In Esabalu, Kenya, we work with farmers to improve their maize harvest. In February, we supplied certified seeds and fertilizer on credit to 140 farmers. Participants received training on planting techniques to improve their crop yield. The project, which hopes to expand to 500 farmers in 2015, runs for nine months and helps farmers to budget for the cost of fertilizer through the season.
Local farmers were skeptical at first about implementing new techniques they learned in classes. Most farmers in Esabalu live on very narrow margins, which makes them naturally risk-averse. Farmers would rather grow crops "as usual" and be able to reliably feed their families than risk an entire crop on a new technique with a potentially higher yield.
To convince farmers, Vibrant Village developed a test plot of maize harvested with the new techniques. Farmers could then compare this example with traditional methods. Additionally, any farmer testing the new technique was invited to hang a Vibrant Village Foundation sign on their field to demonstrate their crop's success.
Happily, many of our farmers took up the challenge and their maize is performing well. Many plants are "double cobbing," an indication of a higher yield which bodes well for harvest time. Farmers are hoping for more rain to come, but are already seeing promising results. They are excited and proud of their maize, and are preparing for a bumper crop come September.
At an age when most people contemplate retirement and taking it easy, 62-year-old Joyce Otemba is gearing up for success. With recently acquired literacy and math skills, she hopes to boost both her baked goods business and agricultural production on her small farm.
“I can now see a future,” Joyce says, proud that she can finally calculate profits from her business making and selling mandazi (doughnut-like fried pastries) to shops in her Western Kenya village of Elufuyo.
Joyce was among the first students to take advantage of Vibrant Village Foundation’s Adult Education Project that began in November 2013 in Esabalu, a village in Western Kenya with a population of about 6,000 members of the Luhyia Tribe.
Now that she has completed the first two levels of Adult Basic Education and Training, Joyce plans to begin level three. She also hopes to acquire advanced business and agricultural skills to improve her family’s quality of life.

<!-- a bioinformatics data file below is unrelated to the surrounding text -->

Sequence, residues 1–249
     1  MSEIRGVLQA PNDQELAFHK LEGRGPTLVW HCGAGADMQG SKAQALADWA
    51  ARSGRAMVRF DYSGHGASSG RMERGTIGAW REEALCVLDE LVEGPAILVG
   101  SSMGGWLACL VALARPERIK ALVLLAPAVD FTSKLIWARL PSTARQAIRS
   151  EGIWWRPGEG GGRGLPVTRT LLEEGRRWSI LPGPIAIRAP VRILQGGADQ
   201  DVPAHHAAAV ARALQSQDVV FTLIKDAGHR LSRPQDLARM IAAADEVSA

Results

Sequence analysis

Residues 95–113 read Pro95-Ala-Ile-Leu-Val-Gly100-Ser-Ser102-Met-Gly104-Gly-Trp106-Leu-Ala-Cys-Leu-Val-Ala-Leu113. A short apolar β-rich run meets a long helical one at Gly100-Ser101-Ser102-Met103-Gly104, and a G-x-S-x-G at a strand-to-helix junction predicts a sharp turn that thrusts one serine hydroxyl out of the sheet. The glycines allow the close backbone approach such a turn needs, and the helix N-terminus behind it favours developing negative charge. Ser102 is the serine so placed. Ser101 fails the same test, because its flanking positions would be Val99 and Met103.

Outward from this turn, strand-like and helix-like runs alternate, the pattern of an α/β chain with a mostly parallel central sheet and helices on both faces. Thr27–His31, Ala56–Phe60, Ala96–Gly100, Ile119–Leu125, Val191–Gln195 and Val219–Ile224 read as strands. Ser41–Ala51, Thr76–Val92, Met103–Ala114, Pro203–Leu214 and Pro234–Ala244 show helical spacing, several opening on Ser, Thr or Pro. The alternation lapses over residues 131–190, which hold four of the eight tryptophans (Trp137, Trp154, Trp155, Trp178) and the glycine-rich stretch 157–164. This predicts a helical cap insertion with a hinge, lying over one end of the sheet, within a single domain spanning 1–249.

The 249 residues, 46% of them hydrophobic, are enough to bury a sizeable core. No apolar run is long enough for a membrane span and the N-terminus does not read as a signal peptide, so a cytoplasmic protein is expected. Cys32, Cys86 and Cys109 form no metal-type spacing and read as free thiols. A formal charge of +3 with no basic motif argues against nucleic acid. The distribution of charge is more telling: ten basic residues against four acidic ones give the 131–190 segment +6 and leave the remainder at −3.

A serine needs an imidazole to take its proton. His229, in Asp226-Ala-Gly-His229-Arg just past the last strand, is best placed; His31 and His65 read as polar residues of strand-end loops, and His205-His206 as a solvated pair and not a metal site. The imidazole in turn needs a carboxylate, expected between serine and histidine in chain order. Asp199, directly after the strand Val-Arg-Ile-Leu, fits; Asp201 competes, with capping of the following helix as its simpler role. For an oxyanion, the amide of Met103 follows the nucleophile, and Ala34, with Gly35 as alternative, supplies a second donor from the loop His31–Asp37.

“She is one of our stars of our adult education class and made a very moving speech last week at our general meeting about how it has changed her life. She also encouraged the rest of the community to join,” says Nick Kempson, Vibrant Village Foundation’s Program Director for Kenya. Since starting the class and improving her literacy in both English and Kiswahili — Kenya’s two official languages — Joyce can now read letters from friends and family, official announcements from Vibrant Village Foundation’s community meetings and the Bible, he adds.
“My grandchildren are so happy to see that their Grandma is also in school,” Joyce explains. “They see me carrying my books to school, even as they are carrying their books to school too!”
While Joyce can now read her grandchildren’s schoolbooks and keep up with their progress at school, she laments that the Vibrant Village Adult Education Project was not around when her seven children, who range in age from 29 to 45, were still at home. Only one of her children finished primary school.
A motivated and hard worker, Joyce also learned best agricultural practices, including the use of organic fertilizer, this year through her participation in the Foundation’s Farm Input Credit Program. By using an alternative planting technique, she hopes to double the yield of maize that she grows on her own one-acre farm. Last year she produced three bags — equivalent to about 270 kilograms or about 600 pounds — of maize, but this year she is targeting at least six bags.
In this rural region where most families live in small mud and wood homes with corrugated iron roofs, electricity and running water is uncommon. For safe drinking water, she and other villagers walk up to 3 kilometers each day to stand in line with jerry cans at community wells.